Liberalism hasn’t won, of course—it just ran out of easy targets. The Koch brothers now loom large as liberal adversaries, but they rarely give interviews and certainly don’t make clip-worthy gaffes. The GOP primary field for 2016 runs a dull gamut from Jeb Bush and Scott Walker to Rand Paul and Marco Rubio—hardly an inherently comedic set of candidates. Maybe this was a self-fulfilling prophecy. Establishment Republicans set out to purge the more extreme Tea Party members during the 2014 primaries, leaving fewer candidates like Todd Akin or Christine O’Donnell with easily mockable gaffes on “legitimate rape” or witchcraft. Their efforts largely succeeded, to both their electoral success and Stewart’s loss.

News cycles also became considerably darker in recent months, and the toll became apparent. In his tribute after the Charlie Hebdo attacks last month, Stewart called the cartoonists’ deaths “a stark reminder that, for the most part, the legislators and journalists and institutions that we jab and ridicule are not, in any way, the enemy.” In his first episode after Ferguson last August, Stewart doubled his opening segment’s length to excoriate Fox’s coverage of the unrest. As he piled one absurd clip after another with a prizefighters’ staccato, his light tone gradually slipped away as he spoke about discrimination experienced by his own colleagues. “Race is there, and it’s a constant,” he said in the end of the segment, all levity gone. “You’re tired of hearing about it? Imagine how fucking exhausting it is living it.” Everybody clapped. Nobody laughed. Stewart looked drained.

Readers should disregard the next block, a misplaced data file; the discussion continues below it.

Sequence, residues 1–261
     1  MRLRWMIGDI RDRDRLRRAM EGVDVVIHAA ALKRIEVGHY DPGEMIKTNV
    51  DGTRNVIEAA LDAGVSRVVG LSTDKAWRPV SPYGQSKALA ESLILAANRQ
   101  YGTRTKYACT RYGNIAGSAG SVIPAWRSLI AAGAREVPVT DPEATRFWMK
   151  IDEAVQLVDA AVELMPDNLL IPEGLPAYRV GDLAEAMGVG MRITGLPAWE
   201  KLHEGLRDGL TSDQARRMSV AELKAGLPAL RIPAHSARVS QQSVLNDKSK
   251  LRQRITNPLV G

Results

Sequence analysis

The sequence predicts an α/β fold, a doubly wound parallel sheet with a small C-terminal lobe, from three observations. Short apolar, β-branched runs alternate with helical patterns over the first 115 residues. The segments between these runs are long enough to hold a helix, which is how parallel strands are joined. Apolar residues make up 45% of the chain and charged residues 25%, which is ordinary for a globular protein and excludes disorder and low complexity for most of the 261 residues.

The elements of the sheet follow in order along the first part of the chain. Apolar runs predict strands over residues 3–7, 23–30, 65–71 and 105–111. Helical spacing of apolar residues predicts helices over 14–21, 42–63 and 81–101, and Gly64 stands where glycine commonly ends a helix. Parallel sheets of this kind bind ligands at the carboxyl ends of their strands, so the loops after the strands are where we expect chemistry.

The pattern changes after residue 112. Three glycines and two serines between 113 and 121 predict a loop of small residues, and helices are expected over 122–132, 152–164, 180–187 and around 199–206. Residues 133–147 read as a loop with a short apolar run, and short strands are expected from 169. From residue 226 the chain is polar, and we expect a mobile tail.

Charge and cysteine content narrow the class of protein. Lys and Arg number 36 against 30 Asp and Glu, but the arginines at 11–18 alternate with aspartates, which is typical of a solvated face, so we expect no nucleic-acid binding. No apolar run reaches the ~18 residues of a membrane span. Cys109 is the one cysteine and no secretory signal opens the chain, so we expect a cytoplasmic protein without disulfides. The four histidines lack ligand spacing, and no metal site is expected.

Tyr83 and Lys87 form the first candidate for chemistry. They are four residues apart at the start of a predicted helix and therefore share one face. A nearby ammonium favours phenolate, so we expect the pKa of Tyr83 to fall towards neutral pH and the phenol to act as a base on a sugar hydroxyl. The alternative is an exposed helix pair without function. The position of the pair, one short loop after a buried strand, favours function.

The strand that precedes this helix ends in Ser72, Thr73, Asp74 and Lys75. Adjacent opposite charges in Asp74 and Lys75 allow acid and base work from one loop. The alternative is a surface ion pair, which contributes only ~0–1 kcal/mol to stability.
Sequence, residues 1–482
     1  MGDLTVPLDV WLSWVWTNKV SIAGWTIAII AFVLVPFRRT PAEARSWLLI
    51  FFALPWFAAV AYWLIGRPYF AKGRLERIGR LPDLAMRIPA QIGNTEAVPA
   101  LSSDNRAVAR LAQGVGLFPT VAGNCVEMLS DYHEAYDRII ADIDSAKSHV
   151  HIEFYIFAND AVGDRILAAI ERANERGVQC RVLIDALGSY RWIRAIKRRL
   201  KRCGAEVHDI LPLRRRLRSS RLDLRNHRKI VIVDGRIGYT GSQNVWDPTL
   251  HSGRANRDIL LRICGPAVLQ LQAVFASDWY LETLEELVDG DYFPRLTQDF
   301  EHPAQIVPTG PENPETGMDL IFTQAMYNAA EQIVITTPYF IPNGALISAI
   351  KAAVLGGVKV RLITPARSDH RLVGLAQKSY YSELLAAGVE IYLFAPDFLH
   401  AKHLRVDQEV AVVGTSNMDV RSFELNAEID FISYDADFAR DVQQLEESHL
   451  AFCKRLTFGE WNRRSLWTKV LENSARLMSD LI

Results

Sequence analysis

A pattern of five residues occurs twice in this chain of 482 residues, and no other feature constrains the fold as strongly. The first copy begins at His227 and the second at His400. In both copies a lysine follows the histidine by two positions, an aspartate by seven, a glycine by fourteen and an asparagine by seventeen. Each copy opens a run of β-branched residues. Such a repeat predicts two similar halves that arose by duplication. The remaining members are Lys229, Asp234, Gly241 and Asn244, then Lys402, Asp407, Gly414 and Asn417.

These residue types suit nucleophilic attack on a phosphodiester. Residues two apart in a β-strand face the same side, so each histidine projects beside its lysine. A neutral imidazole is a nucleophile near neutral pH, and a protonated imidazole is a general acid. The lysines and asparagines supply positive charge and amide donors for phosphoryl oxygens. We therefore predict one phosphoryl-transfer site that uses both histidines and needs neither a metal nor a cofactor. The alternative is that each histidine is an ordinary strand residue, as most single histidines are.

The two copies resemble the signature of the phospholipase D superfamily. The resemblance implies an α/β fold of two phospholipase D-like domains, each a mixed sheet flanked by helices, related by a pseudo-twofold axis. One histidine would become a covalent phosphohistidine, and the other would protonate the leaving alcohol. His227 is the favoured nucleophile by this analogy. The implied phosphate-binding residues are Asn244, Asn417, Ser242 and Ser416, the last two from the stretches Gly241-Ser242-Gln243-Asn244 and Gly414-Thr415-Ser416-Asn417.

Stewart, with his brand of left-leaning cynicism (sprinkled with occasional earnestness), is a bad example for the liberals who watch and love him.

The emblematic Stewart posture isn’t a joke or a witticism, it’s a sneer—or if we’re feeling kind, a gentle barb—coupled with a protest: I’m just a comedian

More often however, Stewart’s stance is frustrating. His protests to the contrary, Stewart is a pundit, and like many pundits, he’s wed to a kind of anti-politics, where genuine difference doesn’t exist (or isn’t as relevant as we think) and political problem-solving is mostly a matter of will, knowledge, and technocratic know-how…